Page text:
Following in The Thousand Year Door’s footsteps, the postgame is also meaty. There are two Pit of 100 Trials to tackle, and thankfully given the difficulty of the rest of the game, they are actually pretty challenging. In addition to the trials there is a certain chapter you can return to and finish a 100-fight gauntlet. All of these challenges are great fun and should satisfy players looking for some level of difficulty in this game. Also similar to TTYD, all NPC dialogue changes postgame, and you can find and talk to most of the characters who were involved in the story.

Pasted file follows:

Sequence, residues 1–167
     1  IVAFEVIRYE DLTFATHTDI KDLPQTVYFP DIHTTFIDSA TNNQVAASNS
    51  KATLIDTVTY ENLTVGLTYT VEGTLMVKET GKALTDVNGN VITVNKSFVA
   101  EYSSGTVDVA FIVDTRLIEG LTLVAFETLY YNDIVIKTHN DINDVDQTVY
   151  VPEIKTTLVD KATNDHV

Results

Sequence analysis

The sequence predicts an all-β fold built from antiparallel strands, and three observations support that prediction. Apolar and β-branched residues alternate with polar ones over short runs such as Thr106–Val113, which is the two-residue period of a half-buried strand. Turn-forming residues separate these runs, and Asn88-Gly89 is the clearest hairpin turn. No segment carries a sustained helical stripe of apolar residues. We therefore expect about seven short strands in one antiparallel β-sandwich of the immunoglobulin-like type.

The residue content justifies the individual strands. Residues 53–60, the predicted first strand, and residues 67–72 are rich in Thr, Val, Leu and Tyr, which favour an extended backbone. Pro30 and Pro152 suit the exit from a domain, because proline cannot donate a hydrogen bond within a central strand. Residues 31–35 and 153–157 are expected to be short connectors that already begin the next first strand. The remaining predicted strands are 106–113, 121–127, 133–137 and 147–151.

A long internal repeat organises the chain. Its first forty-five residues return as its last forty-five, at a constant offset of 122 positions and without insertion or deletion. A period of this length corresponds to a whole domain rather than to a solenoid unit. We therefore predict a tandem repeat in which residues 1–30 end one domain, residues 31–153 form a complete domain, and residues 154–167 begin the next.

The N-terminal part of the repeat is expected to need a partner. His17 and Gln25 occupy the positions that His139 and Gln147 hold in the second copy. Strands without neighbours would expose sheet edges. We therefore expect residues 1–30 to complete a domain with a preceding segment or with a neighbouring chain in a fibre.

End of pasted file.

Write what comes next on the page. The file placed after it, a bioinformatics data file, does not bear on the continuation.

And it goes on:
Super Paper Mario may be a flawed game, but it’s a game with a lot of heart, and the Paper Mario series is made better for its existence. No matter how many times I replay it I love re-experiencing the story, and laughing at the jokes again. SPM has plenty of detractors, but it should be considered an essential entry that showcases how special the writing and characters in this series can be. One can only hope that someday another Paper Mario game with the same ambition will be made.